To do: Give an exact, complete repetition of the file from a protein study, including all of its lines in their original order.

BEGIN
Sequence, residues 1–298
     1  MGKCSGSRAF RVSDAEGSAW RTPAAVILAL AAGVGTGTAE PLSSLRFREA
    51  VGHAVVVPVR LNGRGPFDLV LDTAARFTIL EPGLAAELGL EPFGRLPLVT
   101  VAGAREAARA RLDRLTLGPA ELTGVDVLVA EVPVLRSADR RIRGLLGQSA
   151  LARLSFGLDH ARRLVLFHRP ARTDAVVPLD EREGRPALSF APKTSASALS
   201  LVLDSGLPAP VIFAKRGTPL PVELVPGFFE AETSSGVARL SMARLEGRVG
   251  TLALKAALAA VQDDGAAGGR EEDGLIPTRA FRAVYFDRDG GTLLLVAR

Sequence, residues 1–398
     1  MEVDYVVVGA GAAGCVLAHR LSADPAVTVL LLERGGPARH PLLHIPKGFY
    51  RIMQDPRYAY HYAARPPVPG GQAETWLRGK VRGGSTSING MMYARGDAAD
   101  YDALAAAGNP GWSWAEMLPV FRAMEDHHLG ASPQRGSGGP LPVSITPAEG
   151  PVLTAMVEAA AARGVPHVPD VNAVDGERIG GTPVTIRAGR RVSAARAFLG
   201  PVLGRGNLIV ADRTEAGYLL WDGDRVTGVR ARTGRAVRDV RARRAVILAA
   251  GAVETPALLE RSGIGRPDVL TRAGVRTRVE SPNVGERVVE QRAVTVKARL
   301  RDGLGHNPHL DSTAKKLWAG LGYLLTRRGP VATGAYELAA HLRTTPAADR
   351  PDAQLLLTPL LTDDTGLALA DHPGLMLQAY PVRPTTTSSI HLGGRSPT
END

Sequence, residues 1–298
     1  MGKCSGSRAF RVSDAEGSAW RTPAAVILAL AAGVGTGTAE PLSSLRFREA
    51  VGHAVVVPVR LNGRGPFDLV LDTAARFTIL EPGLAAELGL EPFGRLPLVT
   101  VAGAREAARA RLDRLTLGPA ELTGVDVLVA EVPVLRSADR RIRGLLGQSA
   151  LARLSFGLDH ARRLVLFHRP ARTDAVVPLD EREGRPALSF APKTSASALS
   201  LVLDSGLPAP VIFAKRGTPL PVELVPGFFE AETSSGVARL SMARLEGRVG
   251  TLALKAALAA VQDDGAAGGR EEDGLIPTRA FRAVYFDRDG GTLLLVAR

Sequence, residues 1–398
     1  MEVDYVVVGA GAAGCVLAHR LSADPAVTVL LLERGGPARH PLLHIPKGFY
    51  RIMQDPRYAY HYAARPPVPG GQAETWLRGK VRGGSTSING MMYARGDAAD
   101  YDALAAAGNP GWSWAEMLPV FRAMEDHHLG ASPQRGSGGP LPVSITPAEG
   151  PVLTAMVEAA AARGVPHVPD VNAVDGERIG GTPVTIRAGR RVSAARAFLG
   201  PVLGRGNLIV ADRTEAGYLL WDGDRVTGVR ARTGRAVRDV RARRAVILAA
   251  GAVETPALLE RSGIGRPDVL TRAGVRTRVE SPNVGERVVE QRAVTVKARL
   301  RDGLGHNPHL DSTAKKLWAG LGYLLTRRGP VATGAYELAA HLRTTPAADR
   351  PDAQLLLTPL LTDDTGLALA DHPGLMLQAY PVRPTTTSSI HLGGRSPT